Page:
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The Heyday of the Insensitive Bastards
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What's the Story?
A man visits his hometown after his dad has a stroke, and he learns a secret about an old girlfriend. A house cleaner escapes her dull workday life through vivid fantasies. A trio of teens kills a few hours making up stories about their nonexistent sex lives. Based on short stories from Robert Boswell's book (also named THE HEYDAY OF THE INSENSITIVE BASTARDS), this collection of seven vignettes explores gender, family bonds, the hold that your history has on the present, and other topics. Made for a 2012 filmmaking class by actor James Franco, the film features Franco and many other well-known actors, including Kristen Wiig, Natalie Portman, Keir Gilchrist, and Amber Tamblyn.
Is It Any Good?
Critics frequently dismiss movies by comparing them to student films -- and watching this meandering series of unconnected stories, which was literally Franco's student film, demonstrates why. Franco has assembled a very talented cast (just which favors did he have to call in from his A-list friends?), but since the seven vignettes showcased here are of such widely varying quality -- and since it's unclear exactly how they're connected or what conclusions we're supposed to draw from them being grouped together -- the whole movie is a bit of a forehead-wrinkler.
The best of the stories connect with viewers due to the actors' idiosyncratic charm. Wiig, always fun to watch, brings a little sparkle to her part as an outwardly sedate single mom/aspiring actress working as a house cleaner, whose inner life is full of satin sheets and red carpets. Jacob Loeb is compelling as a dead-eyed kid who moves to a new town hoping to find some fun and a girlfriend and instead becomes embroiled in a cover-up. But in between, there are a lot of "where is this going?" moments and clunky dialogue, the worst of which is uttered by poor Tamblyn as an off-balance sister. "The combined IQ of a colony of ants exceeds that of the average U.S. senator," she says, before telling a metaphorical story about a pair of famous monkeys who became a fish and a bird who could no longer understand each other's language. Franco completists will be the main audience for The Heyday of the Insensitive Bastards, a curiosity that ultimately doesn't go much of anywhere.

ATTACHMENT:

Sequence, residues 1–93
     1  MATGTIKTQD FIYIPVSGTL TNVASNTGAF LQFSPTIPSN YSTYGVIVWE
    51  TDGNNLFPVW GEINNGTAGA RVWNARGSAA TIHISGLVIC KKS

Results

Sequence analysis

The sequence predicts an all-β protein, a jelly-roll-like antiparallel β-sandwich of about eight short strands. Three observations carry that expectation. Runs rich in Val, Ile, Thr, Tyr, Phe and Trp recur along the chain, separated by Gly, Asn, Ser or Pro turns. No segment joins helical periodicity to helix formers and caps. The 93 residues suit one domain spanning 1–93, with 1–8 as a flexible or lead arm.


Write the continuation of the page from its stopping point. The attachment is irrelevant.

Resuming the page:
Talk to Your Kids About ...
Families can talk about the setup of The Heyday of the Insensitive Bastards. Are the stories in the movie connected to each other? How? What conclusions can we draw from the fact that they're grouped together in one film?
Do you consider any of the characters role models? Why or why not?
How does the movie portray substance use (drinking, smoking, drugs)? Is it glamorized? Are there realistic consequences? Why does that matter?
Actor James Franco, who stars in the film's first chapter, produced this movie as a class assignment for a filmmaking class. Does that information surprise you or make sense, having seen the movie?
The stories in this movie are based on a book. Have you read it? Does it improve your appreciation of a movie to have read the book it's based on?
- In theaters: October 27, 2017
- On DVD or streaming: November 28, 2017
- Cast: James Franco, Kristen Wiig, Abigail Spencer, Thomas Mann, Kate Mara, Amber Tamblyn
- Directors: Mark Columbus, Lauren Hoekstra, Sarah Kruchowski, Ryan Moody, Simon Savelyev, Vanita Shastry, Shadae Lamar Smith, Jeremy David White, Jonathan King
- Studio: Cinedigm
- Genre: Drama
- Topics: Book Characters
- Run time: 97 minutes
- MPAA rating: NR
- Last updated: June 1, 2023